Such piercingly random pain perpetrated on so many innocent people: The sorrow of losing a fiancé you had gotten engaged to less than a month before; the anguish of searching for an unaccounted mother you had dropped off at the lobby that morning; the helplessness when a husband trapped under concrete called to say good bye for one last time. How can a human being handle the ache and indignation of hearing his son call from a plane on a trajectory to disintegration, knowing this is the last time he will speak with his son – and there is nothing he can do about it?

Learning the etiquette of a twenty-first century cataclysm has been surreal to all New Yorkers. Is one supposed to get into the habit of placing and receiving calls inquiring about survival? Is it appropriate to tell your friends you no longer wish to talk about the attack? Cell phones, generally cursed for their intrusive encroachment in our daily lives, played heroic and functional roles in this script: tracing loved ones; providing essential data amidst the scarcity of facts; granting a modicum of peace to loved ones that were forced to face closure, leastwise in a personal way.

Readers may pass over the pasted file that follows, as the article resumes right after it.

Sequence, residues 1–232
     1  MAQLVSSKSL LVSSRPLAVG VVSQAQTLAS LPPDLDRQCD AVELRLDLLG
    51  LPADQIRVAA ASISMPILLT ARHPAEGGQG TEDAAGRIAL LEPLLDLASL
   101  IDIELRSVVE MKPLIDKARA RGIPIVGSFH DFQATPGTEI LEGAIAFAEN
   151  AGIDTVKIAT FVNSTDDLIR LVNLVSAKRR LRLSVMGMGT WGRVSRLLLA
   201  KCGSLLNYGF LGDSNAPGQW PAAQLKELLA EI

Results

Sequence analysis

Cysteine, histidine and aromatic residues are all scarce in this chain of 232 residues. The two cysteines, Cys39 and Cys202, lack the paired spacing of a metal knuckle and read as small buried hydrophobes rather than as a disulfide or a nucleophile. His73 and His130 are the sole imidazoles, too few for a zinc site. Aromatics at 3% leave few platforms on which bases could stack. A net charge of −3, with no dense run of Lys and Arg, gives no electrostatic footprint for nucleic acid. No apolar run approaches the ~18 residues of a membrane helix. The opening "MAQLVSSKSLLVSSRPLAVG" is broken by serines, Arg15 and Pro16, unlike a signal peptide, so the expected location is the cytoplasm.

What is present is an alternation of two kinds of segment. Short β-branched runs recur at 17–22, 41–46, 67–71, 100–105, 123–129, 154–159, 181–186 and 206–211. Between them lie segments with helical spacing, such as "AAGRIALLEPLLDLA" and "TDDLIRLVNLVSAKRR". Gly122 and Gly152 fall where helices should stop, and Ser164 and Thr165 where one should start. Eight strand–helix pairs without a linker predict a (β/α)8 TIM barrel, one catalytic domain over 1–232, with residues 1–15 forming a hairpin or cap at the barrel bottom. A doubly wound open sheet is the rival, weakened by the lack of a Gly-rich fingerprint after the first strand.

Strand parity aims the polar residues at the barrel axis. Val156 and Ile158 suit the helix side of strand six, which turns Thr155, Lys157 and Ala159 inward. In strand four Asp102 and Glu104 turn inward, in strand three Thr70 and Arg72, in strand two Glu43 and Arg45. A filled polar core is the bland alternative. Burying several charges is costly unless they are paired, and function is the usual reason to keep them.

Then there are the decisions about work. What is a CEO to tell employees? It is under these circumstances, when a team most expects leadership and valor, that many humans may have felt powerless. My team was looking to me for answers that went beyond whether to show up at work the next morning. What will come next? How can I locate my child? How could someone ever commit such atrocities – and think they will go to heaven for it? Can anyone have an answer?